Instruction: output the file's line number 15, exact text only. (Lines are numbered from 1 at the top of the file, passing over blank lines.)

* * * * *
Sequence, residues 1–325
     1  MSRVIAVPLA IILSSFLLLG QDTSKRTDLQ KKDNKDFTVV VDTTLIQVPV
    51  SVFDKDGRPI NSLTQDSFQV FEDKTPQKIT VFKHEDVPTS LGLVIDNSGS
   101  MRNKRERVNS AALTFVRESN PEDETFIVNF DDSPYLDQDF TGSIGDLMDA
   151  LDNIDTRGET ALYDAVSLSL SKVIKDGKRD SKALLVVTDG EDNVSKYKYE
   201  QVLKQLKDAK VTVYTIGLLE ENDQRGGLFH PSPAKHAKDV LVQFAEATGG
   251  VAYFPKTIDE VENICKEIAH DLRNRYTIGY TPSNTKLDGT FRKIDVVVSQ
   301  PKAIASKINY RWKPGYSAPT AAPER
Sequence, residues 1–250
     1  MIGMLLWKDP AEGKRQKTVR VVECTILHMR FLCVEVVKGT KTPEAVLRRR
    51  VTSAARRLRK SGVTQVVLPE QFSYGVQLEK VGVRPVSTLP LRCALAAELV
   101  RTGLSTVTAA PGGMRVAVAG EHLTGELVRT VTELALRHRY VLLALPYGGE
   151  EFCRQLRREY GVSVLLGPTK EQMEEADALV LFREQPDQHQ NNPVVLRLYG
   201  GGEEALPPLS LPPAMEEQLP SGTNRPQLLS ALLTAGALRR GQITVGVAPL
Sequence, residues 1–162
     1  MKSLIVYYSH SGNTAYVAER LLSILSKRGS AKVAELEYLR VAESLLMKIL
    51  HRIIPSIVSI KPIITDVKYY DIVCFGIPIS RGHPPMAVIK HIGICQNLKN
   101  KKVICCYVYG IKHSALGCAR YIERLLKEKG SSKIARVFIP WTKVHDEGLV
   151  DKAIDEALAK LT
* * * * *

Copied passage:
Sequence, residues 1–162